Government’s step to scrap Rs 500 and Rs 1,000 currency notes will hurt economy in the short run specifically discretionary consumption, gold and property demand, but the measure in the long term will help formalise the economy, according to global financial services majors.
“In the near-term, this move may hurt economic activity, specifically discretionary consumption, gold and property demand,” UBS said in a note adding in the long term it would result in efficiency and access to lower cost of capital.
“We view it as a positive for financials potentially but over the longer term. Combined with GST and Aadhaar driven financial inclusion,” it said.
UBS also noted that the measure would not have “material impact” on Indian capital markets and the stock trading would be driven more by global factors and earnings.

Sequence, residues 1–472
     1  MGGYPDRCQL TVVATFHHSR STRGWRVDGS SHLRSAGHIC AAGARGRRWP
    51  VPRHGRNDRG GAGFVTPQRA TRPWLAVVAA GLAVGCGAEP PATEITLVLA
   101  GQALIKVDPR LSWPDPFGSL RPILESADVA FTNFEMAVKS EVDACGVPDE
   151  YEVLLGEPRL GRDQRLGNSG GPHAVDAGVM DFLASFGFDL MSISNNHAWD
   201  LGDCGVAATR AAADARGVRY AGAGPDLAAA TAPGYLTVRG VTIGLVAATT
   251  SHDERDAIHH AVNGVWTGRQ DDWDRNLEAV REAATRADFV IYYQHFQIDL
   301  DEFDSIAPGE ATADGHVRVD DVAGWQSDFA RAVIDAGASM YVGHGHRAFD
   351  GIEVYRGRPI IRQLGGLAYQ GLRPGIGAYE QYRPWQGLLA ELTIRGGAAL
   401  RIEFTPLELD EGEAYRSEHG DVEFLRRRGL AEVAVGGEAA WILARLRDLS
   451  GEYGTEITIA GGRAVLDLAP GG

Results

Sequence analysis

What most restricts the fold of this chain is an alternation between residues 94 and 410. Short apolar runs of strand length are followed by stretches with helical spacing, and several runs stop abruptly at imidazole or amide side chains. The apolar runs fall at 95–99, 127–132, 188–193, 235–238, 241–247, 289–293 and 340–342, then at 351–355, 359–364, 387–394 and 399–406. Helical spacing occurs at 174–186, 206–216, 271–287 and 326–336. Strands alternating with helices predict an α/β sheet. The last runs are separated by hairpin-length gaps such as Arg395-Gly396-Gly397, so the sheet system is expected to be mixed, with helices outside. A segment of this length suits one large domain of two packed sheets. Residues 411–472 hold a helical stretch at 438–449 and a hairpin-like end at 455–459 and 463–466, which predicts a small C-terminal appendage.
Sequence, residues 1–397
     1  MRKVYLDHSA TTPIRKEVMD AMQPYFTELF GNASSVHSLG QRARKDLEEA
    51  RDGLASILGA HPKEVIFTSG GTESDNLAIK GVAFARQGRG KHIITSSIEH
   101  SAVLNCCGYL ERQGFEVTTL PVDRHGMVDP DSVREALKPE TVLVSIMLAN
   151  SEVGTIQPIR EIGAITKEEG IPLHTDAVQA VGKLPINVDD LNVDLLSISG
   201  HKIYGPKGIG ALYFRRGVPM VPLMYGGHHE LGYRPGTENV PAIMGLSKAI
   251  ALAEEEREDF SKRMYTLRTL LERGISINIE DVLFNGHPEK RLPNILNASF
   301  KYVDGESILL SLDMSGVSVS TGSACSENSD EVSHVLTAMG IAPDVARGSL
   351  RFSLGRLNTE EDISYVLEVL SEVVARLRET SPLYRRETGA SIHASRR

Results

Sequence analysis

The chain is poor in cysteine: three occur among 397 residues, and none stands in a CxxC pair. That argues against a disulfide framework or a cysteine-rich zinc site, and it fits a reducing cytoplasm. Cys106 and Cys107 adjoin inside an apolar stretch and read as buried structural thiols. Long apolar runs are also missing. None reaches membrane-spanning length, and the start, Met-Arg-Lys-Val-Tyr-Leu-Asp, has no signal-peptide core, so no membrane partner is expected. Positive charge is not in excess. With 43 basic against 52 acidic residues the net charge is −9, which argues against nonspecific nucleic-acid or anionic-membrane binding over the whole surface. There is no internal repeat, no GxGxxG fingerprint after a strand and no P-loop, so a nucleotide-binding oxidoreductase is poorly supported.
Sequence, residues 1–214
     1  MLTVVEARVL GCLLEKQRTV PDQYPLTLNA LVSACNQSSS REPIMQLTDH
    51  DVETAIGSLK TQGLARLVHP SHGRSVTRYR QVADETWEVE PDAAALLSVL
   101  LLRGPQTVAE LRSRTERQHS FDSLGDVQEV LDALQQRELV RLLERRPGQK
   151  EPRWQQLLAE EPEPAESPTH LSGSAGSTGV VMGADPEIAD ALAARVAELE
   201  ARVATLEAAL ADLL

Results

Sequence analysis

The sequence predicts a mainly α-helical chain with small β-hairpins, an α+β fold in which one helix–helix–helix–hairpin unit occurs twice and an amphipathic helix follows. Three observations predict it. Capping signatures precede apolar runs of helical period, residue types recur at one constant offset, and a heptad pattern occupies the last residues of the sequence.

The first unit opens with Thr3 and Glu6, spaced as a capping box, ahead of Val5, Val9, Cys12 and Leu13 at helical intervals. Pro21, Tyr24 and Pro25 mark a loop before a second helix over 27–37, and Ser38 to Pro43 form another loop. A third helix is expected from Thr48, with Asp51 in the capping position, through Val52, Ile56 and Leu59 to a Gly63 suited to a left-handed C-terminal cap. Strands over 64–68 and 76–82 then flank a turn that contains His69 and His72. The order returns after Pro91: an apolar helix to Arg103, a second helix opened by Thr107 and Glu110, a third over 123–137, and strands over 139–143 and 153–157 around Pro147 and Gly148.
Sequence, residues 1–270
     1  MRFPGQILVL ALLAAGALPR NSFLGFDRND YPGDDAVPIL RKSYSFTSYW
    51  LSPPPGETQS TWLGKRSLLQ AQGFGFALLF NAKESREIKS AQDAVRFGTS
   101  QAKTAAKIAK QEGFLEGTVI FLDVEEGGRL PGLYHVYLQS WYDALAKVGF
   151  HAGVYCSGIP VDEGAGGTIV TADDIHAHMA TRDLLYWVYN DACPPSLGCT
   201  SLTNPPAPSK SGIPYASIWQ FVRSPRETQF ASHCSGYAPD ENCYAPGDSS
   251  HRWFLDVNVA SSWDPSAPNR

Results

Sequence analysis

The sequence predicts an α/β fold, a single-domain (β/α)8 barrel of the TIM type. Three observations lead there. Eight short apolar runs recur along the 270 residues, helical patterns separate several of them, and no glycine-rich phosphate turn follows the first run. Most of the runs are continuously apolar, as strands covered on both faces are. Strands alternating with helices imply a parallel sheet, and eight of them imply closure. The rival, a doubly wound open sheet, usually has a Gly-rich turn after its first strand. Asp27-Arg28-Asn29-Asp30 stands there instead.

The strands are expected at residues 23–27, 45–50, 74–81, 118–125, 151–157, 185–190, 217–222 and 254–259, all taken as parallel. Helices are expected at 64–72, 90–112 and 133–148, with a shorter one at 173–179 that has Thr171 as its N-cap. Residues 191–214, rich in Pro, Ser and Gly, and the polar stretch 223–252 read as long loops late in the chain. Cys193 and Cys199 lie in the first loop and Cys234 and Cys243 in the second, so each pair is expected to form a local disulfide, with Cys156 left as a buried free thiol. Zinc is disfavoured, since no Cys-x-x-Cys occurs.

Similarly Japanese brokerage Nomura said while citizens will be inconvenienced in the short term and the move could hurt consumption demand, this is a big medium-term positive in the government’s effort to crack down on black money and corruption.
It also noted that as the old currency notes are deposited with banks, the deposit growth will witness a pickup and currency in circulation will moderate – a positive for banking sector liquidity.
Moreover, it said as rural households open new bank accounts to deposit old notes, this may also end up giving a boost to the government’s financial inclusion thrust.
It also noted that since black money played a role in real estate transactions, this crackdown is very likely to hurt the real estate market, which is already reeling under high inventory in top tier cities such as Mumbai and Delhi.
Besides, the move will help boost the government’s tax revenue collections as some of the black money is brought under legitimate channels, Nomura said.